Friday, August 25, 2017

Own a Part 4 Movie Mold Bust!

A "Bloody Ending II" from the original Part 4 mold cast in flesh-toned translucent resin.
Some of you guys that have been around for a while may know Ryan Bean, one of the best sculptors in the business and an absolute fount of knowledge about Friday the 13th masks and FX work.

A few years back, Ryan and James Mangrum (sculptor of the legendary "His Unlucky Day" resin bust) retooled a 1980's latex mask pulled from the original movie mold that produced the animatronic stunt dummy impaled at the end of the film.
Yes, this stunt dummy.
Actor Bruce Mahler with the original sculpt in 1984. This is the same sculpt that produced both the animatronic dummy from part 4 and the "Bloody Ending" bust.
Ryan's resulting resin head, the "Bloody Ending" remains the only commercially available work that descends straight from the original movie sculpt by veteran FX sculptor James Kagel. Given the poor condition of the surviving movie props, it will likely remain so.

Jason actor Ted White with a painted "Bloody Ending." He told the owner "I don't recall ever seeing one this good."

For anyone unfamiliar with the FX work on Friday part 4, there were actually two sculpts used in the film. The first, seen above, was used to create the impalement dummy for Jason's death as well as the cowl that White wore throughout the film. The second, somewhat more detailed version was created for the facial appliances used during the unmasking. The H.U.D. is a reproduction of the final appliance sculpt by Kagel, while the Bloody Ending is the initial design seen through most of the film.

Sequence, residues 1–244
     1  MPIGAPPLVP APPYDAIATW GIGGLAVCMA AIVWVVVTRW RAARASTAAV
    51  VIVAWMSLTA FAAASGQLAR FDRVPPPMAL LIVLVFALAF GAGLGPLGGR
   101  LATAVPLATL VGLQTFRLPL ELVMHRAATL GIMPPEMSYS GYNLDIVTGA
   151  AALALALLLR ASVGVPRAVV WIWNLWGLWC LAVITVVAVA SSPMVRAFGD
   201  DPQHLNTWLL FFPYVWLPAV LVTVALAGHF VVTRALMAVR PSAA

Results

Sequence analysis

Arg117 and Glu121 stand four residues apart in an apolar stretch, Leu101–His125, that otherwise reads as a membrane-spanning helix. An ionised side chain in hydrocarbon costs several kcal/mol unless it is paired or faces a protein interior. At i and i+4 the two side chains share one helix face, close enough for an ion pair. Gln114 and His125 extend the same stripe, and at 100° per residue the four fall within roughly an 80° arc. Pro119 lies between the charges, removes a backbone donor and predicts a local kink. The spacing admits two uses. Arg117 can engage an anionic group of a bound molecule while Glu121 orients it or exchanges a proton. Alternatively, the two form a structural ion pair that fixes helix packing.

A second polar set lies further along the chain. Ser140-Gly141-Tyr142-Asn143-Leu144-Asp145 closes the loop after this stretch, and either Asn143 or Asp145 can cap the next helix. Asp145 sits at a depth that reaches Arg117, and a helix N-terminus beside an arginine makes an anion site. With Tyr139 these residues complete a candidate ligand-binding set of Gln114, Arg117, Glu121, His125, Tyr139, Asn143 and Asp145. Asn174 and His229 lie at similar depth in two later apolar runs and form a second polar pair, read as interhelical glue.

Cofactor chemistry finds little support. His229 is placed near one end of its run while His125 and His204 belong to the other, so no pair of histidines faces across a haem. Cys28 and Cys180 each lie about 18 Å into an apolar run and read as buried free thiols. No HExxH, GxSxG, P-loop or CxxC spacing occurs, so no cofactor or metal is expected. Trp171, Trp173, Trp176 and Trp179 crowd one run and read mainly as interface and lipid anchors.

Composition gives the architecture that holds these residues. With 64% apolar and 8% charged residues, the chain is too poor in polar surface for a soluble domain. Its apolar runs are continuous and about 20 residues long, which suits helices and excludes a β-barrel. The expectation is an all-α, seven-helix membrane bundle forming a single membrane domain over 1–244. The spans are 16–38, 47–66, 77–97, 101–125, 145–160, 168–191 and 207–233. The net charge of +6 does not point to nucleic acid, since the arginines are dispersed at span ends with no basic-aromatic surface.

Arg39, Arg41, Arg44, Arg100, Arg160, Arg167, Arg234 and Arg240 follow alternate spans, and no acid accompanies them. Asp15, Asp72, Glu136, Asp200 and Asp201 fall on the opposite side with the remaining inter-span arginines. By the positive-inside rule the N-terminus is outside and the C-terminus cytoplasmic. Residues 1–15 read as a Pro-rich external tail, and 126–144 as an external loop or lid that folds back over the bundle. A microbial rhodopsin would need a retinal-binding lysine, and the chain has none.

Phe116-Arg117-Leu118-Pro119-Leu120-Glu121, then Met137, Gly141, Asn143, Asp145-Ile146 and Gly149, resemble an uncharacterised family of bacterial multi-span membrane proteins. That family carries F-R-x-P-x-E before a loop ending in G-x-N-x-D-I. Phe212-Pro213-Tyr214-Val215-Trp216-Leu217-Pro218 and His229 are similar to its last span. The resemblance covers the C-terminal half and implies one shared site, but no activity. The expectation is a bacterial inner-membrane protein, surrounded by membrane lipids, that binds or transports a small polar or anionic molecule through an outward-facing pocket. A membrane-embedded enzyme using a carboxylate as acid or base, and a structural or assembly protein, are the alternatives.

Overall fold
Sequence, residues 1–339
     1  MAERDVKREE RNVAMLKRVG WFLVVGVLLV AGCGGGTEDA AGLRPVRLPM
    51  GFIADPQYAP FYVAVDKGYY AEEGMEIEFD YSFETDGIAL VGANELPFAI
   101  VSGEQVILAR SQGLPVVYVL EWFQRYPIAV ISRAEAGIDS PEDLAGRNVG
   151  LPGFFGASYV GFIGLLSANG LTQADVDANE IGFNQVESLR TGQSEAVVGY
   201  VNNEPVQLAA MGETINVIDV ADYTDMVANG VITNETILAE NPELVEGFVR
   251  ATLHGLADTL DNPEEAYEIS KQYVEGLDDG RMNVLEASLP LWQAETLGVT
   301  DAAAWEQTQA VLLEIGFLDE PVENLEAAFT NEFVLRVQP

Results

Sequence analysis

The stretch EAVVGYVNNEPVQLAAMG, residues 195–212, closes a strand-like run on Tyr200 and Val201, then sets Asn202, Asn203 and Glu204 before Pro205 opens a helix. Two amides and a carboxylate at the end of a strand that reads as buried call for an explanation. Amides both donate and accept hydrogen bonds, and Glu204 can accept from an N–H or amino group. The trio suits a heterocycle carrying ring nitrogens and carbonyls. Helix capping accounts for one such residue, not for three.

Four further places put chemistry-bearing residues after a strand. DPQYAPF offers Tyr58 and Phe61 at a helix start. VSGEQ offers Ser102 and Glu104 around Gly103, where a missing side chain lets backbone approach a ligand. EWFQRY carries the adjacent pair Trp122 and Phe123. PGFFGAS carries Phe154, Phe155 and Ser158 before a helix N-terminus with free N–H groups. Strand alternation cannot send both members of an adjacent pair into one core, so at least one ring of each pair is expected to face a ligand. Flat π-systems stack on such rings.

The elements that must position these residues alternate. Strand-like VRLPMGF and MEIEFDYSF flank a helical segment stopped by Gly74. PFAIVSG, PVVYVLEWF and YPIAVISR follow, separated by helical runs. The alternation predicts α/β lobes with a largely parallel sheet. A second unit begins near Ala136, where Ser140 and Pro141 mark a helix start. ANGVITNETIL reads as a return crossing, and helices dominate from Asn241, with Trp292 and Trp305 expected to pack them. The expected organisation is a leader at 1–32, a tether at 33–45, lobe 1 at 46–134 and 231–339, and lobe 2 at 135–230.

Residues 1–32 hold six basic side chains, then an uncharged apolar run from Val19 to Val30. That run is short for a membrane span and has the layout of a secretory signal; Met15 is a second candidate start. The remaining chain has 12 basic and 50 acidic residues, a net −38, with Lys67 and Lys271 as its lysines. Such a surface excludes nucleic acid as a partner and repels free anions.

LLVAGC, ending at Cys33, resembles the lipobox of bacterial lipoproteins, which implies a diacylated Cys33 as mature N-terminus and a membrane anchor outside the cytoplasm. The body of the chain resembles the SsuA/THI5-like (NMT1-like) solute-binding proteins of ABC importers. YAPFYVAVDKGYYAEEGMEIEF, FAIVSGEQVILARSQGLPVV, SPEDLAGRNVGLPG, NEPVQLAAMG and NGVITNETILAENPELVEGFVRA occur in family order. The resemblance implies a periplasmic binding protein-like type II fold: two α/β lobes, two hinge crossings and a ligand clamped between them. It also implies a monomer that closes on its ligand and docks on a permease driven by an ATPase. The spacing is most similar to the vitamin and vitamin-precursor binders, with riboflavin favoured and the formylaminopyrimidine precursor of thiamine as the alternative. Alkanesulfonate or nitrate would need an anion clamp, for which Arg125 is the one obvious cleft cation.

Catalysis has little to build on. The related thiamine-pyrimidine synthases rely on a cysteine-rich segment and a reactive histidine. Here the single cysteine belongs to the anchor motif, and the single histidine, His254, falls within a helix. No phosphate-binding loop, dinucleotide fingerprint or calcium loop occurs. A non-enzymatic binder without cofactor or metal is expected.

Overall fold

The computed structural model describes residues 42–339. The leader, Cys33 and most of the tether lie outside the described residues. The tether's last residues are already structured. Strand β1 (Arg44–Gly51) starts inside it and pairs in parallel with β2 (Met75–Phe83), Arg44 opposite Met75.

The cowl came from this mold as well.
The source was a mask produced by members of Tom Savini's effects team from the original mold and sold in horror magazines back in the 1990's.

Only a handful are known to survive today, and thanks to current owner Aaron Lewis, Ryan was able obtain what is probably the largest and best surviving copy to recast. After some repair work and adding a closed eye that was molded directly from a "Mangler" (another piece from the same movie mold), he sold the initial run of resin Bloody Ending busts back in 2012.
The Mangler (left), a recast of a movie dummy used in the film, contributed the missing eye and the "stunt mask" (right) served as the primary source. Both were created and sold by Tom Savini's FX team about 20 years ago.

Left: the movie mold mask. Center: Recasted tooling master. Right: Final version.

The features were incredibly well preserved in the source mask and the Bloody Ending captured it all perfectly.
Obviously, the Blood Ending is a killer collectible. It's sole drawback is that the source mask was badly shrunk--down to child size--so the finished product was somewhat small (below middle, next to a H.U.D.)